Posts Tagged ‘Language is Music’

Listening to (and Saving) the World’s Languages (New York Times)

April 30, 2010

Here’s a great article, Listening to (and Saving) the World’s Languages

Dr. Oliver Sacks on language and music

June 30, 2009

My admiration for Dr. Oliver Sacks is no secret. He was just on The Daily Show with Jon Stewart last night talking about the effects of music on the brain. I am thrilled that he was discussing this on mainstream TV as more people watch The Daily Show than have read his excellent book, Musicophilia. He discussed that even after a stroke, people will still remember music even if they forget language. I wonder what would happen to someone who had learned another language through music. Would he/she have a better chance of retaining their language skills after a stroke?

Watch this clip from The Daily Show:

This man is a wonderful gift to humanity.

The power of telenovelas

March 13, 2009

About 10 days ago, I stayed up quite late searching YouTube for video clips from Mexican telenovelas (soap operas) to use for a public radio piece about mybook, Language is Music.

I was laughing at myself as I was watching Latin American melodrama on the small screen and could only imagine the reactions of some radio listeners wondering if I was really serious about using soap operas to learn a foreign language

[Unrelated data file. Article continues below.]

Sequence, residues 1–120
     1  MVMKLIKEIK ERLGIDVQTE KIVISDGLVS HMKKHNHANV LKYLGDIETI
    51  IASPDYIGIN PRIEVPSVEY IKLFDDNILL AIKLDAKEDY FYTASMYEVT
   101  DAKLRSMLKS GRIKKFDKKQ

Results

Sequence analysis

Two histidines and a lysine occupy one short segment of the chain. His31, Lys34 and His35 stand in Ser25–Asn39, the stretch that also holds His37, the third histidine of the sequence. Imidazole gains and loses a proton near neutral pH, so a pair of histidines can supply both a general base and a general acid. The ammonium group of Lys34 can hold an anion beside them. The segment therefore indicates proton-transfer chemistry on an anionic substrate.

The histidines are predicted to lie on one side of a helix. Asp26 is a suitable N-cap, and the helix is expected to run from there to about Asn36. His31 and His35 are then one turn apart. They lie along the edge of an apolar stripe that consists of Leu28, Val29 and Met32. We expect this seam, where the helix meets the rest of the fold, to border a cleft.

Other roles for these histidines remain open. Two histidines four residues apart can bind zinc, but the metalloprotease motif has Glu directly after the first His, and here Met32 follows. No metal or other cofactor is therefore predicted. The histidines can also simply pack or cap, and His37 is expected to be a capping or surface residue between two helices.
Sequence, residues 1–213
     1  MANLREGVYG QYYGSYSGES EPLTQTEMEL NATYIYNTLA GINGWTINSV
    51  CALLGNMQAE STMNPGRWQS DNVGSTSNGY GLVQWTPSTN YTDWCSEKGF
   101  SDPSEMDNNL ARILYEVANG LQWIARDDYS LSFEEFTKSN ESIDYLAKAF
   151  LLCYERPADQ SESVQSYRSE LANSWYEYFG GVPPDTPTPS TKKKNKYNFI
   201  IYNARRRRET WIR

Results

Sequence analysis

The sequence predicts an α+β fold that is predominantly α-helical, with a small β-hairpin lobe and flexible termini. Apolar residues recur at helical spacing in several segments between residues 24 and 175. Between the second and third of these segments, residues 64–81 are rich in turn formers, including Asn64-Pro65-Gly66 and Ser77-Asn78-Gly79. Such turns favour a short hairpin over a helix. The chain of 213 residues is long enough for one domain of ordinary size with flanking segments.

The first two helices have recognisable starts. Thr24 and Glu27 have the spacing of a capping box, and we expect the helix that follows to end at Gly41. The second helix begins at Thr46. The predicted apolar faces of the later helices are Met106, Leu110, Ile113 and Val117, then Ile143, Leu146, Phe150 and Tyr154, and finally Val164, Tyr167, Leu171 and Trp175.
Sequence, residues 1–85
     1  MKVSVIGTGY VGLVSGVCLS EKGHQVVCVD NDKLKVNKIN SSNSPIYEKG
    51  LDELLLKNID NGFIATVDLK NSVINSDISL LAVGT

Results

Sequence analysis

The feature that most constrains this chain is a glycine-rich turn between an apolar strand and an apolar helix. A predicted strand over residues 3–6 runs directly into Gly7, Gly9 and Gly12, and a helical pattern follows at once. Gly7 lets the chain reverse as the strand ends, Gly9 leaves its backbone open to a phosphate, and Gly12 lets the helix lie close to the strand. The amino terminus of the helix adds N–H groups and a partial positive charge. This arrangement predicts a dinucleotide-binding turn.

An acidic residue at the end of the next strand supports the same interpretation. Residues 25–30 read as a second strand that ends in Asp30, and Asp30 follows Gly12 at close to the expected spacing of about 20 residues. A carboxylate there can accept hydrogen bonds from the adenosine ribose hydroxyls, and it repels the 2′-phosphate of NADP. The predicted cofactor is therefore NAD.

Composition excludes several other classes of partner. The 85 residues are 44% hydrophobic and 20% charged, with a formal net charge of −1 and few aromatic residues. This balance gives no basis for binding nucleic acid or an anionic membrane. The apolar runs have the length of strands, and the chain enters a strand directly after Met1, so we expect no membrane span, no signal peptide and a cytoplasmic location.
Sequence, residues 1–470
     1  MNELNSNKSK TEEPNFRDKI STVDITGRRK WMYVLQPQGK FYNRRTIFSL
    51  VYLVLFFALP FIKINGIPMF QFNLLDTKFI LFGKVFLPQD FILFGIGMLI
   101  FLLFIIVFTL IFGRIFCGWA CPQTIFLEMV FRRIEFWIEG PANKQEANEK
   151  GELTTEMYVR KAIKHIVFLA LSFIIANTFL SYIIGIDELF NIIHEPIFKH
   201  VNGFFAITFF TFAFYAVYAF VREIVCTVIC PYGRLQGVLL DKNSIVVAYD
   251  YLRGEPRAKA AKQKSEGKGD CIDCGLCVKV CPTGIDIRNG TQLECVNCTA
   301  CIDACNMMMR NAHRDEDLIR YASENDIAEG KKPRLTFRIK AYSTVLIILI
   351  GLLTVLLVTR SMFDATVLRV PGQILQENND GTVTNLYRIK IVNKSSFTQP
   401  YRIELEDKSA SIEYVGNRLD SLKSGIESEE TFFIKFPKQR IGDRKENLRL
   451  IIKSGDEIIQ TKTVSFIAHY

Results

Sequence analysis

As silly as it may sound, melodrama has its educational benefits. Flying glass, hysterical women, philandering men, people coming back from the dead, unrequited love, broken hearts, battles of the heart — all much more interesting than studying grammar and vocabulary.

It’s not that watching Columbian drama queens and Mexican pop stars all day can replace the much needed lessons on sentence structure and grammar, but they can at least engage the viewer. The vocabulary is not complicated and is oft repeated, so eventually the words will register with their meaning if the viewer watches the soap opera frequently

I knew people in Bosnia who watched Latin American soap opera during the war (when they had electricity) and learned Spanish or Portuguese quite well from watching the programs.

After going through many episode segments of Thalia’s famous Mexican telenovelas, I settled on a lovers’ quarrel from Betty La Fea (Ugly Betty) laced with some sweet Columbian Spanish.

As long as the telenovelas don’t infuse you with new melodramatic characteristics, try them. You might learn a lot more Spanish or Portuguese than you expected! Watch the originals and not the dubbed versions in English.